No child’s play! Govt to harden crackdown on toy imports

Banikinkar Pattanayak

Soon, every toy will have to carry an identification number and the address of the manufacturer if a proposal being discussed by the government is finally approved. Importers may have to recall toys placed in the market or take swift remedial action, if the products don't conform to domestic quality standards.

Alarmed by the massive imports of sub-standard toys that pose huge risks for children, the commerce and industry ministry is not just favouring a sharp hike in import duties on them but also considering bringing in stringent standards through a quality control order.

The move comes after a report by the Quality Council of India (QCI) in November 2019 warned that as many as 67% of samples across 121 varieties of toys in prominent markets of Delhi had failed a basic quality test. The commerce ministry has already recommended to the revenue department that the basic customs duties on toys be raised five times from up to 20% now.

Over 85% of toys in India are imported, mainly from China, followed by Sri Lanka and Malaysia. The country's imports of toys and related items grew almost 8% to $646 million in 2018-19, although the purchases dropped 7.6% on year, up to November this fiscal to $403 million, partly due to stricter monitoring of inflows. Nevertheless, most of these sub-standard imported products still make their way into the local market, as they are cheaper, a senior government official told FE, citing representations from the domestic toy associations. A substandard Barbie doll imported from China, for instance, can be 50% (or more) cheaper than the one manufactured by a local company that conforms to quality standards.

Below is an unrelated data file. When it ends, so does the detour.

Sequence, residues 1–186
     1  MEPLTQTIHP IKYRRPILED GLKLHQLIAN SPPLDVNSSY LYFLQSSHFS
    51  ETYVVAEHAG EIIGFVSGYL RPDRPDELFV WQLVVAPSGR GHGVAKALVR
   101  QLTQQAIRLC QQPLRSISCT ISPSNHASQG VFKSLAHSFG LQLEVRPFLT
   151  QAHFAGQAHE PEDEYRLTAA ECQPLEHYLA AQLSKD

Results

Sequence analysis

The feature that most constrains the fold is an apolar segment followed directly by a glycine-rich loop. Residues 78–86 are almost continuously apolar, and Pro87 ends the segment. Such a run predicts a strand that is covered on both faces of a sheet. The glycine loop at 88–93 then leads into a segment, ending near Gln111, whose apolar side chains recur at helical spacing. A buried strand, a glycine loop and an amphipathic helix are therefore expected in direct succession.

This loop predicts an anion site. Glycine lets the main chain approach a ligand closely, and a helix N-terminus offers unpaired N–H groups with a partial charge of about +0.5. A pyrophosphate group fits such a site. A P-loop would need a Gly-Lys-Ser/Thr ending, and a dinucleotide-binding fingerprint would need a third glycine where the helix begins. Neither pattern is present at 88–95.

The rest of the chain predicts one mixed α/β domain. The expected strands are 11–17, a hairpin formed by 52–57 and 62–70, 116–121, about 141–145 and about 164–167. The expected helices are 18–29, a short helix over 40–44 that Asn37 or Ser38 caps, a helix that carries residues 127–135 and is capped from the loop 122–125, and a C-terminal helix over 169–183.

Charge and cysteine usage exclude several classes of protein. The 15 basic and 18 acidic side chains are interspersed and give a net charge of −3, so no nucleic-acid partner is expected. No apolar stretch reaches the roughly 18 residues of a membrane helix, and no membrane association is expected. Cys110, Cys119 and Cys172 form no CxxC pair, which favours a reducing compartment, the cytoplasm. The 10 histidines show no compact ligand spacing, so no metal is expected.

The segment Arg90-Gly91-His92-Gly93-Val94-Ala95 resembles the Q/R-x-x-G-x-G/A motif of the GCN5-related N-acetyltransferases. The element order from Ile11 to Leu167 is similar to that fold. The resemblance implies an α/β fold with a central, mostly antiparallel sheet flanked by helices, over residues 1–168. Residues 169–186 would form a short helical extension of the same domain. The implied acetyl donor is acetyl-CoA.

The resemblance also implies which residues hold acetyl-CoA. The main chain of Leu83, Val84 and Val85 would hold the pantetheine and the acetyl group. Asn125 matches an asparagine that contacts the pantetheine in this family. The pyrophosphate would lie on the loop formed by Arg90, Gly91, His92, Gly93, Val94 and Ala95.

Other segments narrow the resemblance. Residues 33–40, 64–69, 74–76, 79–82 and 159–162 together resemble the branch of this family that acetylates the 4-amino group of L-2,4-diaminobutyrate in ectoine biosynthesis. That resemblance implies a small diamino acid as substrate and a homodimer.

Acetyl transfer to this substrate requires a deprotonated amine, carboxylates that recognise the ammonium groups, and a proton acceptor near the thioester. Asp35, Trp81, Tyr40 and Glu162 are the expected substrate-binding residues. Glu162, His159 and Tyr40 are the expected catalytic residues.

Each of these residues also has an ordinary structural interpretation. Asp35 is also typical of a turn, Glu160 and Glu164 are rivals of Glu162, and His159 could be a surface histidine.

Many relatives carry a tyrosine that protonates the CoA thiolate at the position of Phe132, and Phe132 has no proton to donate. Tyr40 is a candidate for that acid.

A senior industry executive said the actual import value of toys will be much higher than the official estimate, as suppliers and importers often connive and resort to under-invoicing to pay less duty here.

Typically, the difference between the actual imported price of toys and the stated price are settled through hawala transactions, he adds. Smuggling from China, too, is rampant.

The QCI report has suggested that all importers, "before placing a toy in the market, shall ensure that the appropriate conformity assessment procedure has been carried out by the manufacturer and that the requirements as per Indian standards have been complied with". The importers have to indicate their name, registered trade name and their address on the toy itself and where that's not possible, these must be mentioned on its "packaging or in a document accompanying the toy".

"Importers who consider or have reasons to believe that a toy which they have placed on the market is not in conformity with the relevant requirements shall immediately take the corrective measures necessary to bring that toy into conformity, to withdraw it or recall it, if appropriate," says the report.
Moreover, where the toy presents a risk, importers will "immediately inform the BIS (Bureau of Indian Standard), giving details, in particular, of the non-compliance and of any corrective measures taken", it adds.

Importantly, the report suggests that an importer or distributor be considered a manufacturer and be subjected to obligations of manufacturers.

Already, imports of certain varieties of toys are allowed only if they are accompanies by a test report from the state-run National Accreditation Board for Testing and Calibration Laboratories. Still, there are rampant violations of this requirement. This means mere stipulation of standards won't help; it has to be backed by enforcement.

The QCI's quality test found that 80% of the platic toy samples failed on mechanical and physical safety properties. As many as 75% of electronic toys fail on mechanical properties and 45% of soft toys failed on admissible levels of phthalates.